Important considerations – Wills & Powers of Attorney

What is a Will?

A will is a legal document that outlines how your property and possessions should be distributed after your death. Writing a will is an important step you can take to ensure your wishes are fulfilled on your death and to provide clarity to your loved ones about those wishes. Leaving assets behind without a valid will creates uncertainty and complexity for your loved ones that is best avoided.

What do I need to consider when making a Will?

Before making a Will there are a few things to consider.

Firstly, it is worthwhile thinking about who you would like to be your executor. That is, someone you trust who you would like to manage the administration of your estate after your death, very often with the help of solicitors. All wills require the appointment of an executor in order to be valid. It is also a good idea to have a back-up executor named in your will to act in the place of the primary executor, if for any reason that person cannot act.

Secondly, you would need to think about your assets and whether you own them in your own name, or with another person.

If you have children under 18 years of age, you should also identify who you would like to act as their guardian in the event both parents/guardians are deceased.

Finally, and as probably goes without saying, give some thought to who you would like your assets to be distributed to, including any specific gifts to individuals. You may also wish to consider whether you would like to include a gift to charity.

What about Powers of Attorney?

People often have Powers of Attorney prepared at the same time as doing a new will, however the two documents are very different.

Powers of Attorney are documents that are for use during your lifetime and they cease to have any validity on your death. They can be very useful and important documents which give another person/s the power to make decisions for you and on your behalf while you are alive. You need to plan ahead as ensuring someone else has this power becomes critical when you cannot make a decision for yourself and need someone else to act for you.  If you don’t you need them now, that means now is the time to make them – by the time a need arises it may be too late as you can’t put these in place when you’ve lost capacity to make decisions for yourself.

There are several different types of Power of Attorney and they enable you to:

  • appoint someone to make medical decisions for you in future if you do not have capacity to make a decision for yourself (Appointment of a Medical Decision Maker);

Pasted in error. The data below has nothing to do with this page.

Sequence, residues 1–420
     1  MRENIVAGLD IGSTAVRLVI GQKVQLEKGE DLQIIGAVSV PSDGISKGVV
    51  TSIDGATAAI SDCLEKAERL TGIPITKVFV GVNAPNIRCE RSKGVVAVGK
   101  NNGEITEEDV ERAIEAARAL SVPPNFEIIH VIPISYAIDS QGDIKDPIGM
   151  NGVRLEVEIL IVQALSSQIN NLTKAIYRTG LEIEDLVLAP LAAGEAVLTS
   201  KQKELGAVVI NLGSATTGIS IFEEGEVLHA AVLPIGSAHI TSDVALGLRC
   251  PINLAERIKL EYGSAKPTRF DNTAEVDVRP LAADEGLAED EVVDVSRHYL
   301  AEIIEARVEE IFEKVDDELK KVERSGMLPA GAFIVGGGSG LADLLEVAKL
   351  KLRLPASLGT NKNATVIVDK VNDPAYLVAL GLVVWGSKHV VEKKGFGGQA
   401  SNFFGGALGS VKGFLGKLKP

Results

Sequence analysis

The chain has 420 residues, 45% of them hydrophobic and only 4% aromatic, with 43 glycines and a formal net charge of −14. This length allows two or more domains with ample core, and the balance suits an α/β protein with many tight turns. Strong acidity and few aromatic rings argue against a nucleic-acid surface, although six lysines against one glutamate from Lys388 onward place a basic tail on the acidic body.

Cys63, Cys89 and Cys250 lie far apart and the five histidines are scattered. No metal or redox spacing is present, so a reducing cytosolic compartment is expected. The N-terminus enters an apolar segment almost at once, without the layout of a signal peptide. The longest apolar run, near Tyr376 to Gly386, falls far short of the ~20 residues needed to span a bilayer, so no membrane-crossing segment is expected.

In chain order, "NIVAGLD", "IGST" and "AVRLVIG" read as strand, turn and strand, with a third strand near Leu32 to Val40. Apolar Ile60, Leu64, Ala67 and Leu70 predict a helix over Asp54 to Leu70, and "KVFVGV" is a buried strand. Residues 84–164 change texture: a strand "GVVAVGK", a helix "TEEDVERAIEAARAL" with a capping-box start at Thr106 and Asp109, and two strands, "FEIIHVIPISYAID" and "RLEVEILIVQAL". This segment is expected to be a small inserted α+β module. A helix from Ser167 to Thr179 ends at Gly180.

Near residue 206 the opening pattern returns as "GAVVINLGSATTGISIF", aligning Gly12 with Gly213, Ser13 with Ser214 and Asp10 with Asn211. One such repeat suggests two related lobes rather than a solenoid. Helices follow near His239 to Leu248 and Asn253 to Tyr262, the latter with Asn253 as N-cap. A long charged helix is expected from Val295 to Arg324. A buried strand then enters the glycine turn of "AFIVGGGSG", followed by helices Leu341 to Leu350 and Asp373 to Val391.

• appoint a person or multiple people to make lifestyle or financial decisions for you in future if you don’t have the capacity to make a decision for yourself (Enduring Power of Attorney)
  • appoint someone to support you to make decisions (Supportive Power of Attorney).

Just like your Will, you can revoke your Power of Attorney and change it at any time, so long as you still have capacity to make decisions for yourself.

What do I need to consider for Powers of Attorney?

In considering who to appoint to have legal authority to make decisions for you, you need to consider what qualities are important to you. You may wish to ensure the person you appoint is:

  • Trusted by you;
  • Has the experience and time required to act for you;
  • Is prepared to listen to you and act on your wishes;
  • Understands the responsibility involved in the role; and
  • Understand and respects your culture, family and community.

As with Wills, your situation and that of your executors and persons appointed under a Power of Attorney will change over time, so it is important to review this regularly – at least every 2 years.  Once you no longer have capacity to make a decision for yourself you are unable to change who has been appointed to make decisions for you, without Court intervention.

Wills and Powers of Attorney are important documents which require early planning, thorough consideration, careful preparation and regular review. Planning for your future is ongoing throughout your lifetime and we are here to assist you with every step along the way.  Contact us to review your situation and put in place a plan for the next stage of life.

Author: Marnie Papst

Published: 22 March 2024


The information in this article is general in nature and is not to be relied upon as legal advice. As always, we recommend you seek thorough legal advice to consider your own circumstances and determine whether the information contained in this article is applicable to you.  This article is current as at the date of publishing but will not be updated as circumstances change.